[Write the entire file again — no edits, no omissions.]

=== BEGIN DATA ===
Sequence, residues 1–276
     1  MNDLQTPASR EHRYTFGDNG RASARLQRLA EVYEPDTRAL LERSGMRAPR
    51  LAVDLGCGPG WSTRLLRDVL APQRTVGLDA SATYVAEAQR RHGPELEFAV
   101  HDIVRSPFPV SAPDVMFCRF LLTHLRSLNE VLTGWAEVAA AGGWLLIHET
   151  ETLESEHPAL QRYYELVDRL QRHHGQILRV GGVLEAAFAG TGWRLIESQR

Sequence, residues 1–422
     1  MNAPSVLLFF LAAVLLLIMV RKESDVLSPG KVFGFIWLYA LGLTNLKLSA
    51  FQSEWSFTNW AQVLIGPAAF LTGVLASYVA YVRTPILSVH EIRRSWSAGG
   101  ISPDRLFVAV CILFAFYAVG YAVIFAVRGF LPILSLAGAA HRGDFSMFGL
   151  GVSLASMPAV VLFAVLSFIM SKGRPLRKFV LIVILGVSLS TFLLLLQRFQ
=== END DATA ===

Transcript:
Sequence, residues 1–276
     1  MNDLQTPASR EHRYTFGDNG RASARLQRLA EVYEPDTRAL LERSGMRAPR
    51  LAVDLGCGPG WSTRLLRDVL APQRTVGLDA SATYVAEAQR RHGPELEFAV
   101  HDIVRSPFPV SAPDVMFCRF LLTHLRSLNE VLTGWAEVAA AGGWLLIHET
   151  ETLESEHPAL QRYYELVDRL QRHHGQILRV GGVLEAAFAG TGWRLIESQR

Sequence, residues 1–422
     1  MNAPSVLLFF LAAVLLLIMV RKESDVLSPG KVFGFIWLYA LGLTNLKLSA
    51  FQSEWSFTNW AQVLIGPAAF LTGVLASYVA YVRTPILSVH EIRRSWSAGG
   101  ISPDRLFVAV CILFAFYAVG YAVIFAVRGF LPILSLAGAA HRGDFSMFGL
   151  GVSLASMPAV VLFAVLSFIM SKGRPLRKFV LIVILGVSLS TFLLLLQRFQ